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Okra, Nutritional and Medicinal Powerhouse of Benefits


Okra, Abelmoschus esculentus, or Hibiscus esculentus

Family:  Malvaceae


Flower: a lovely flower that looks like a small lemon colored hibiscus with a dark center.

Vegetable: color of fresh corn husk, shape of a spike, texture of grooved cucumber.

Name:  The words Okra and gumbo are of African origin. Gumbo is believed to be of Portuguese origin, quingumbo of the word quillobo, a native name for the plant in the Congo and Angola area of Africa. It is also known as lady’s fingers and bamia pods.

Origin: Okra, is a warm weather crop, found in tropical climates such as Africa, South America, and the Middle East and the Caribbean.

History: It may be as old as the Pyramids. The earliest account of it is by a Spanish Moor who visited Egypt in 1216. It is said to have been a favorite of Cleopatra of Egypt and Yang Guifei of China.

It was likely introduced to the U.S. by a French colonist of Louisiana in the early 1700s.

Harvesting the Okra: They are best when harvested a few days after they flower, to avoid toughness and excessive mucilage (slime.) And they should be harvested every few days. Cutting the lower leaves will help them to produce faster.

Okra can be frozen uncut and uncooked, and will taste as though it had just been picked from the garden.

Culinary Preparation: Okra can be eaten raw, steamed with other vegetables as in a stir fry, as an ingredient in gumbo or any soup, also with meat or fish dishes.

It is quite versatile once you get the knack of cooking with it. There are many varied recipes that can be found on the internet.

If you don’t care for the mucilaginous nature first cook it in slightly salted water. However, this gelatinous quality can be a plus for the texture of soups and stews. Okra greens can be eaten raw or cooked like any other green leaf.

Okra seeds were used as a coffee substitute during World War II

Skin Care:

The vitamin A antioxidants protect and repair the skin (cells) as they promote faster healing, reducing the appearance of scars, acne scars, and wrinkles.

Traditional Medicinal Use:

The leaves were used for pain relief and urinary problems.

In the Congo it was used to help ensure a safe delivery for pregnant mothers.

In Malaya the root has been applied for treatment of syphilis.

The mucilage has been used as a plasma replacement and topically as a moisturizer.

Cooked down and added to water it has been used to alleviate weakness or depression.

It is still used to treat lung inflammation and sore throat, and to add bulk to stools as a laxative, as well as to rid the liver of toxins. It is noted as effective for acid reflux, atherosclerosis, cataracts, colorectal cancer and multiple sclerosis.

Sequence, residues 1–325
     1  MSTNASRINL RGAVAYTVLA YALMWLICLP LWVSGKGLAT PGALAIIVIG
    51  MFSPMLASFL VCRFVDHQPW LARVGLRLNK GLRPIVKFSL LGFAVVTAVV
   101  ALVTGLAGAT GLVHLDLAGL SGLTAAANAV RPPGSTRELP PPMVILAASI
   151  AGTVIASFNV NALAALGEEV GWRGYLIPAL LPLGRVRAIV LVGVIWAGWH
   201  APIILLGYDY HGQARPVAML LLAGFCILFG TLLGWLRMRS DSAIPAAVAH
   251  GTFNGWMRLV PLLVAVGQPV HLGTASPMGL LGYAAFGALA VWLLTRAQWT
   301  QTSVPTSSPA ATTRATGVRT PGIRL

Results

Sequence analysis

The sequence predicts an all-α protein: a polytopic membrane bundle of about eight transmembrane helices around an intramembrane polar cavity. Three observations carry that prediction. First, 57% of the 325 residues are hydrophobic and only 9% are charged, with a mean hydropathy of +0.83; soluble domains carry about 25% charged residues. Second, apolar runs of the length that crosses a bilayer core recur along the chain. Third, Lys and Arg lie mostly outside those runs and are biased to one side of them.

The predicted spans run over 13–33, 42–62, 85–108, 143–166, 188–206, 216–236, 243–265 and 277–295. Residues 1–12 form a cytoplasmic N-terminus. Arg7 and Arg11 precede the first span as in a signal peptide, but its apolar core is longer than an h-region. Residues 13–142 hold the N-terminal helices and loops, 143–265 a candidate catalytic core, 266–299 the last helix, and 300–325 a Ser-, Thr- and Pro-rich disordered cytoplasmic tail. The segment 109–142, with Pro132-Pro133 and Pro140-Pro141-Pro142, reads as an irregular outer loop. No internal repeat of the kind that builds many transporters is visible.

Roasted Okra seeds have been used in Turkey to treat diabetes and have been proven to lower blood sugar.

Nutritional Benefits:

The high content of soluble fiber of Okra makes one feel full faster and longer, thus making it ideal for   the impoverished. This is also beneficial for weight loss, and helping to maintain a feeling of being satisfied and reducing cravings.

It is recommended for constipation, as the mucilage is beneficial for moving food through the gut. It is also an excellent fiber source to aid healthy digestion.

Okra is a wealth of important nutrients that are otherwise difficult to attain. Besides the minerals calcium, iron and magnesium, it is a great source of vitamin K, an important co-factor to blood-clotting enzymes, and important for strong bones.  It is a good source of folate, which is particularly important during pregnancy, as well as to reduce risks of a variety of cancers.

Okra has a positive influence on lowering blood sugar levels. Studies suggest that it may alleviate diabetic effects due to its myricetin content.

Okra regulates cholesterol levels in the blood and thereby prevents clogging of arteries and protects from heart disease like atherosclerosis. The best results are experienced with using the dried form of the seeds.

Beneficial forms of Okra:

Dried Okra seed powder, Okra Water and grated Okra peel are all beneficial forms of Okra to be used for nutritional and/or medicinal purposes.


It has been noted that eating Okra may reduce the effectiveness of the diabetes drug metformin. 

Okra contains oxalates.  Overconsumption can cause risk of kidney stones. 

It also contains fructan, a carbohydrate that in some people can cause diarrhea, cramps and bloating. Those with irritable bowel syndrome should avoid foods with fructan.


Author, Eve Stahl, is a Health Consultant, Herbalist and Skin Care expert. She specializes in using nature's plants to enhance the health of people and to protect the health of our planet. To achieve this purpose she has created Garden of Eve Skin Care products for sensitive skin and all skin types. You can visit her company at: www.gardenofeve.com Prospective Affiliates visit: www.gardenofeveskincare.com/affiliate-application. 

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